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Organ-specific small non-coding RNA responses in domestic (Sudani) ducks experimentally infected with highly pathogenic avian influenza virus (H5N1)

Authors

  • M. Samir
  • R.O. Vidal
  • F. Abdallah
  • Vi. Capece
  • F. Seehusen
  • R. Geffers
  • A. Hussein
  • A.A.H. Ali
  • S. Bonn
  • F. Pessler

Journal

  • RNA Biology

Citation

  • RNA Biol

Abstract

  • The duck represents an important reservoir of influenza viruses for transmission to other avian and mammalian hosts, including humans. The increased pathogenicity of the recently emerging clades of highly pathogenic avian influenza (HPAI) viruses of the H5N1 subtype in ducks features systemic viral spread and organ-to-organ variation in viral transcription and tissue damage. We previously reported that experimental infection of Sudani ducks (Cairina moschata) with an Egyptian HPAI (H5N1) virus (clade 2.2.1.2) features high viral replication and severe tissue damage in lung, but lower viral replication and only mild histological changes in brain. Little is known about the involvement of miRNA in organ-specific responses to H5N1 viruses in ducks, and involvement of the other classes of small noncoding RNA (sncRNA) has not been investigated so far. Following RNA sequencing, we have annotated the duck sncRNome and compared global expression changes of the four major sncRNA classes (miRNAs, piRNAs, snoRNAs, snRNAs) between duck lung and brain during a 120 h time course of infection with this HPAI strain. We find major organ-specific differences in miRNA, piRNA and snoRNA populations even before infection and substantial reprogramming of all sncRNA classes throughout infection, which was less pronounced in brain. Pathway prediction analysis of miRNA targets revealed enrichment of inflammation, infection- and apoptosis-related pathways in lung, but enrichment of metabolism-related pathways (including tryptophan metabolism) in brain. Thus, organ-specific differences in sncRNA responses may contribute to differences in viral replication and organ damage in ducks infected with isolates from this emerging HPAI clade, and likely other strains.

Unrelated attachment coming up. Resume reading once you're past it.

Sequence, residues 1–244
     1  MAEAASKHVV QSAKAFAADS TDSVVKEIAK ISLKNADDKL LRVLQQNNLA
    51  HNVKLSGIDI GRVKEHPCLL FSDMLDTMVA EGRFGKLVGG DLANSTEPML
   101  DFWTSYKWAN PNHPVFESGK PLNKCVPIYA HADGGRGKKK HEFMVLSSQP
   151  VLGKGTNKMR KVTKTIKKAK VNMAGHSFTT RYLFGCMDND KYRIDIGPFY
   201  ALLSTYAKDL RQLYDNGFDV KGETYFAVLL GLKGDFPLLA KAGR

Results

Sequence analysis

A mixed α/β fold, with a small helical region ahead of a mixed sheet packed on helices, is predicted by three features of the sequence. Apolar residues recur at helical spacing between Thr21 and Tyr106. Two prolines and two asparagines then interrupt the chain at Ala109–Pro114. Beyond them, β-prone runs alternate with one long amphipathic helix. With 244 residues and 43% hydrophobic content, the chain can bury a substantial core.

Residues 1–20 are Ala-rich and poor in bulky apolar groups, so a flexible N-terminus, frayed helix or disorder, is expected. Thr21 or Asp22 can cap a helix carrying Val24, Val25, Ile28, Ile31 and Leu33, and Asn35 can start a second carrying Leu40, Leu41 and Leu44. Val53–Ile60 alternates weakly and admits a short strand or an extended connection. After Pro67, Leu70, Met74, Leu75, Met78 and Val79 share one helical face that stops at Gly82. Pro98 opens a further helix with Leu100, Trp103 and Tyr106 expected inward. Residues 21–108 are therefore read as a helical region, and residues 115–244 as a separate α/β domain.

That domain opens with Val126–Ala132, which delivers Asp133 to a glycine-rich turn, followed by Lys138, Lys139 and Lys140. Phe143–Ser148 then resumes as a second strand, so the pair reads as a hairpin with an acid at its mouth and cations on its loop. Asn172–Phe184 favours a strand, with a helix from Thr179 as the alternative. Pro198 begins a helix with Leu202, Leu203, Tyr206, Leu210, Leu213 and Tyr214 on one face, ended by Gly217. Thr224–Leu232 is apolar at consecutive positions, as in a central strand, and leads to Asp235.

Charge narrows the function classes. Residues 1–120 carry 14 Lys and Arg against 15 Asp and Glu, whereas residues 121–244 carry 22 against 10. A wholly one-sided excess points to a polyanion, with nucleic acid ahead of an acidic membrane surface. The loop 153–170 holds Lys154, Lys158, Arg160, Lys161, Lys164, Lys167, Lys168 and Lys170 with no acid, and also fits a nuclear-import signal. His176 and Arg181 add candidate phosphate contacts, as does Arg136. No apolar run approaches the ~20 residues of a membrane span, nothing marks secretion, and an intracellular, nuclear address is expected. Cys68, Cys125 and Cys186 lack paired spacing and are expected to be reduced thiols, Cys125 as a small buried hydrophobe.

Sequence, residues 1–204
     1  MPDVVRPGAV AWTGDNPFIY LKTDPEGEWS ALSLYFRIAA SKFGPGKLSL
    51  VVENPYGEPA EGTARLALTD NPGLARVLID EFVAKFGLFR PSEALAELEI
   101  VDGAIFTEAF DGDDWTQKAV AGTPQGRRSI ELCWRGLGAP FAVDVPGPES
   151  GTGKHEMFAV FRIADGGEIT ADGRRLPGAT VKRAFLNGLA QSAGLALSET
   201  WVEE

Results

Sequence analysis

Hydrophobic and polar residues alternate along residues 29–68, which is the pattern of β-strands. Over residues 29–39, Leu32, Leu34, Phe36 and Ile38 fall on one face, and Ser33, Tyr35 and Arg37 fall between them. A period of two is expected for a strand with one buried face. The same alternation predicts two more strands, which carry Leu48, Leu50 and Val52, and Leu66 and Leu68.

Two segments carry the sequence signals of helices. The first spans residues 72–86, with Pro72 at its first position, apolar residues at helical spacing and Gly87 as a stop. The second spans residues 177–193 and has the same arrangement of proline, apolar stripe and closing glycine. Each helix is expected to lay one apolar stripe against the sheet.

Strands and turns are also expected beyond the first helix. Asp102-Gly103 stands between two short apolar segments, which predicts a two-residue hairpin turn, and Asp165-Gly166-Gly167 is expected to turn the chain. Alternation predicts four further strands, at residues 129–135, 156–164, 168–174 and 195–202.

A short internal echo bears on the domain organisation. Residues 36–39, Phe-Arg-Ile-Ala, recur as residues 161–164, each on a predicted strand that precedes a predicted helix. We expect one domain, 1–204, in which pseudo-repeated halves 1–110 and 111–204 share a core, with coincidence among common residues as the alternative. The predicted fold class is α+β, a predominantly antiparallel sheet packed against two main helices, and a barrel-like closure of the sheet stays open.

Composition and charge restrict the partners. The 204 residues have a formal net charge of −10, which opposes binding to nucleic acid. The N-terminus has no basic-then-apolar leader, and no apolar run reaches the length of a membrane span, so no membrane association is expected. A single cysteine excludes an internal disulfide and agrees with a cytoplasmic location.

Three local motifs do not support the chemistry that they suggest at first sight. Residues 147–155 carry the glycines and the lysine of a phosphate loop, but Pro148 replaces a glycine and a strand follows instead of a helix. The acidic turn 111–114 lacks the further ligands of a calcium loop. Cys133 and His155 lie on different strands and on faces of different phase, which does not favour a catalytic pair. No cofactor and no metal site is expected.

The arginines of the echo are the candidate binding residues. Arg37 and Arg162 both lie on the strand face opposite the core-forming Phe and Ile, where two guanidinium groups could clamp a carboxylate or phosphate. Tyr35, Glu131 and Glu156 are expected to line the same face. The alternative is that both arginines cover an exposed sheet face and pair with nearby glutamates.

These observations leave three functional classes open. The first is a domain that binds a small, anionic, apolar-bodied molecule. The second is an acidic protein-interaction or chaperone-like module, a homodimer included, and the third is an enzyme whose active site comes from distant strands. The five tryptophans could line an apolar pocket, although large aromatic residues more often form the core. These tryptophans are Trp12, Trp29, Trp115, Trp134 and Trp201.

DOI

doi:10.1080/15476286.2019.1669879